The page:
Noodle used

I have a medium-size stockpot, used mostly for boiling water into which pasta will be dumped. The diameter of this pot is approximately 0.3 inch less than the length of typical spaghetti-like substances. In days of old, I would break the rods in two in an effort to get them to fit. The trouble with that, of course, is that you can’t actually break them in two: invariably a third piece is formed, and sometimes a fourth. Unable to explain this phenomenon, I started pushing one end of the handful of spaghetti against the bottom of the pot while the water was boiling, and when the rods bent enough, following through with the rest. The results were slightly less satisfactory at precisely al dente, but it was better, I thought, than dealing with segments of random length, given my tendency to roll the stuff onto the fork.

At long last, there’s an explanation for where that third piece comes from:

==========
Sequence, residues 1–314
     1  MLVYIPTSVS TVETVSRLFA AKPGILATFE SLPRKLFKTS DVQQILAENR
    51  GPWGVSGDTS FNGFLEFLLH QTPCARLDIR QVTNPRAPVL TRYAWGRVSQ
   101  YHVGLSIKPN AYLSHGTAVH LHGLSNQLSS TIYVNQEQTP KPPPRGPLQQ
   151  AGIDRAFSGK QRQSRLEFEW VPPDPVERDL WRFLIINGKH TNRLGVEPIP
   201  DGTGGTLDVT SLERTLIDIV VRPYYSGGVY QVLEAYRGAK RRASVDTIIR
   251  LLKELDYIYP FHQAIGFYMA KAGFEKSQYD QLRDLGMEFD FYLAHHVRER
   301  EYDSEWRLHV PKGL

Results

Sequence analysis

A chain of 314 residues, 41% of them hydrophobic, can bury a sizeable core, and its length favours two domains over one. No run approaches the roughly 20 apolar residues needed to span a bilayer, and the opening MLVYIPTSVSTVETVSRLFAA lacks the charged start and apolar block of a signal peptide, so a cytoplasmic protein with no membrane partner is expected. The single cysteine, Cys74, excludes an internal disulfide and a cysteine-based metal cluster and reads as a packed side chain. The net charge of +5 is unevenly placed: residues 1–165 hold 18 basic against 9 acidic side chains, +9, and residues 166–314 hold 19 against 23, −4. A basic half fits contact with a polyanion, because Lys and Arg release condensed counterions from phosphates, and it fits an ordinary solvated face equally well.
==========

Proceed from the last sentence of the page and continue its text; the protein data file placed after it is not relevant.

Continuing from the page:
Maybe I should just get a bigger pot and be done with it.

(Via Sploid.)



  1. McGehee »

    30 December 2014 · 8:15 am

    For an individual piece, I wonder how much the flexing — and thus the secondary fractures — can be minimized simply by placing your hands closer together.

    Unfortunately even if it worked you’d still have to repeat the process for each piece.

    Maybe someone could invent a spaghetti chainsaw.

  2. Roger Green »

    30 December 2014 · 10:05 am

    At least when breaking a bunch of dry spaghetti, putting my hands closer makes it harder to break altogether. Anyway, FASCINATING stuff!

  3. McGehee »

    30 December 2014 · 10:41 am

    I find that close-together holding of a bundle of spaghetti still results in more than two pieces per strand anyway.

  4. Tatyana »

    30 December 2014 · 11:21 am

    But why would you want to buy another, bigger pot? I thought it’s the standard way to cook spaghetti, by curving them in hot water.
    At least that’s what I’ve been doing, and no regrets

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